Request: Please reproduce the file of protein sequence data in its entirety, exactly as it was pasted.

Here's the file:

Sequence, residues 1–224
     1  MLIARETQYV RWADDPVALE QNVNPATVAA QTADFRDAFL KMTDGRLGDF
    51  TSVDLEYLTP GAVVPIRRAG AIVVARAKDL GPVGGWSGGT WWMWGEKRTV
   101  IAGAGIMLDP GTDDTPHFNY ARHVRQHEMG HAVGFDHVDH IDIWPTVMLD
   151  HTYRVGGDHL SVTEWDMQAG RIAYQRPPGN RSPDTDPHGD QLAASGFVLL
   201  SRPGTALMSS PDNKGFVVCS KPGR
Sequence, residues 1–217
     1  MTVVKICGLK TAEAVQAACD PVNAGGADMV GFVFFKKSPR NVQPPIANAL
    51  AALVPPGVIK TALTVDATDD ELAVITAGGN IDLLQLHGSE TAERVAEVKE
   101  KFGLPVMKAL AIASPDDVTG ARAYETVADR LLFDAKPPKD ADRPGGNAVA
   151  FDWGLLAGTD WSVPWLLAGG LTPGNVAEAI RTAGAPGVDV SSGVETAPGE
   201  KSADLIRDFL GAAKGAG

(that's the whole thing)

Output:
Sequence, residues 1–224
     1  MLIARETQYV RWADDPVALE QNVNPATVAA QTADFRDAFL KMTDGRLGDF
    51  TSVDLEYLTP GAVVPIRRAG AIVVARAKDL GPVGGWSGGT WWMWGEKRTV
   101  IAGAGIMLDP GTDDTPHFNY ARHVRQHEMG HAVGFDHVDH IDIWPTVMLD
   151  HTYRVGGDHL SVTEWDMQAG RIAYQRPPGN RSPDTDPHGD QLAASGFVLL
   201  SRPGTALMSS PDNKGFVVCS KPGR
Sequence, residues 1–217
     1  MTVVKICGLK TAEAVQAACD PVNAGGADMV GFVFFKKSPR NVQPPIANAL
    51  AALVPPGVIK TALTVDATDD ELAVITAGGN IDLLQLHGSE TAERVAEVKE
   101  KFGLPVMKAL AIASPDDVTG ARAYETVADR LLFDAKPPKD ADRPGGNAVA
   151  FDWGLLAGTD WSVPWLLAGG LTPGNVAEAI RTAGAPGVDV SSGVETAPGE
   201  KSADLIRDFL GAAKGAG